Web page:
|JoeNathan Thomas and Audrey Mojica|
(photo by Katilin Randolph)
|never underestimate the power of "Little Girls"|
(photo by Glen Stubbe Photography)
|Emily Gunyou Halaas, Reed Sigmund, and Autumn Ness|
are living on "Easy Street" (photo by Glen Stubbe Photography)
|the cast of Annie (with Lola Ronning as Annie)|
(photo by Glen Stubbe photography)
Children's Theatre knows their audience, and they've trimmed the piece to a manageable two hours including intermission (in contrast to touring Broadway shows geared towards children than run way too long and late). Be sure to pick up a program on the way in as it includes several articles and activities to further engage kids in the world and experience of the show. Particularly interesting is an article by CTC's Director of Community Partnerships and Inclusion, Michael Winn, in which he connects the world of "Little Orphan Annie" with the Harlem Renaissance, both occurring in early 20th Century NYC. This helps inform the color-conscious casting that imagines a world in which a Black man could be a billionaire in 1930s America.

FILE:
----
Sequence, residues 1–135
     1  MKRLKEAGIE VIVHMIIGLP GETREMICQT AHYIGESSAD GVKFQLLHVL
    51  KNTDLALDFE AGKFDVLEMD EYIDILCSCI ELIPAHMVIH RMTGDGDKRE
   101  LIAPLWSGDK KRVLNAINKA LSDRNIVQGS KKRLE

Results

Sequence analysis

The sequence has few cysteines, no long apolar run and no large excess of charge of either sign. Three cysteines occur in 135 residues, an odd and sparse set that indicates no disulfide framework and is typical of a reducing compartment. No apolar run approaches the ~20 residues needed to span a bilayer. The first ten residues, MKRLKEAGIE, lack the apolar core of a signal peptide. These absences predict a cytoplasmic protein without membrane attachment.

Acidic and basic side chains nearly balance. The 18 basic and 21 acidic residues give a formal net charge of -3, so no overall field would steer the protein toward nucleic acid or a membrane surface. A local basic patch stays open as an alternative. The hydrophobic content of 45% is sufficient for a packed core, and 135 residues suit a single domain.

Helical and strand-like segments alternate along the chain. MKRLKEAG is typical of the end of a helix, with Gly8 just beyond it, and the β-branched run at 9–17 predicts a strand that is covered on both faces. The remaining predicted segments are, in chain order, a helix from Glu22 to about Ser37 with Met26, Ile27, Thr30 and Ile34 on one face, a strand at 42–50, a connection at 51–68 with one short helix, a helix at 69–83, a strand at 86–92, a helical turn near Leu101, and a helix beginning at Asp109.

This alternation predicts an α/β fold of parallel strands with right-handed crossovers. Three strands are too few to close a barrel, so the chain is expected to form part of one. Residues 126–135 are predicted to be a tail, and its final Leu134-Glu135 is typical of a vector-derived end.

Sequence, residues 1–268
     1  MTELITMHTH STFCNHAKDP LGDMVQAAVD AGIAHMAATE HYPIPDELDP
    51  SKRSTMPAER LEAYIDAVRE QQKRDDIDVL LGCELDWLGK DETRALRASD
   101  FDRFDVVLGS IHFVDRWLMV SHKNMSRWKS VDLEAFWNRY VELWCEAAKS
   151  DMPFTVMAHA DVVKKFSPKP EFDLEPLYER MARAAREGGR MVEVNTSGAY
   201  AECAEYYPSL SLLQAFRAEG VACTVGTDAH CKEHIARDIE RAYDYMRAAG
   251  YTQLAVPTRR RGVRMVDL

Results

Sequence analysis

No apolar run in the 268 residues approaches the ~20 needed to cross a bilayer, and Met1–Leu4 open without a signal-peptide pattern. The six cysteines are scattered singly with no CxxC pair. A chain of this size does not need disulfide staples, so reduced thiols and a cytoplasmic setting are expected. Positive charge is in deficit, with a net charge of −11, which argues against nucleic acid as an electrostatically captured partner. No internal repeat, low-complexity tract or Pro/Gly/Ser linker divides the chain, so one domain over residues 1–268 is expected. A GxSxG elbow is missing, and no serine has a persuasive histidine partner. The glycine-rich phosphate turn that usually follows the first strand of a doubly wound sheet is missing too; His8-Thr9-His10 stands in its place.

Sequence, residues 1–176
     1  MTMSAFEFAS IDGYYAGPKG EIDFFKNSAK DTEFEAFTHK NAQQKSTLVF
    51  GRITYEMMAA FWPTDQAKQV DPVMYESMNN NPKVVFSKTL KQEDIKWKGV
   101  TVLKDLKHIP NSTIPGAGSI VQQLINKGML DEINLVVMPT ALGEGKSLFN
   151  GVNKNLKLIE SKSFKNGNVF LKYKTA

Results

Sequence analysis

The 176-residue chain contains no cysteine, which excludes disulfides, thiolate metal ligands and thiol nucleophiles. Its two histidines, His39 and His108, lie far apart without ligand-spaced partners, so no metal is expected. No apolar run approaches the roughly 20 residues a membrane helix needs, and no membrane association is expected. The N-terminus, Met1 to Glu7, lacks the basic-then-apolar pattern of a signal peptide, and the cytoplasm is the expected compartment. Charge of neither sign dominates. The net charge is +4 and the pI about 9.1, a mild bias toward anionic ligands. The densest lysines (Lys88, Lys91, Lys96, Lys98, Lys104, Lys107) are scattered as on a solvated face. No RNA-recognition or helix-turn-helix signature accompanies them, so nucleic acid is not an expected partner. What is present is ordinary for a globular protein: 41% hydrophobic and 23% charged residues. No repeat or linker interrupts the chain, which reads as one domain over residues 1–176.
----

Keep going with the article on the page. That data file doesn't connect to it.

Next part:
Annie plays now through January 9 and is a great choice to bring a little joy and optimism into you and your family's lives during these dark days* (click here for info and tickets).
|photo by Glen Stubbe Photography|
*Annie isn't specifically a holiday show, although it does include a scene at Christmas, but it's a holiday outing for many families. Click here to read about all of the holiday shows I've seen this year.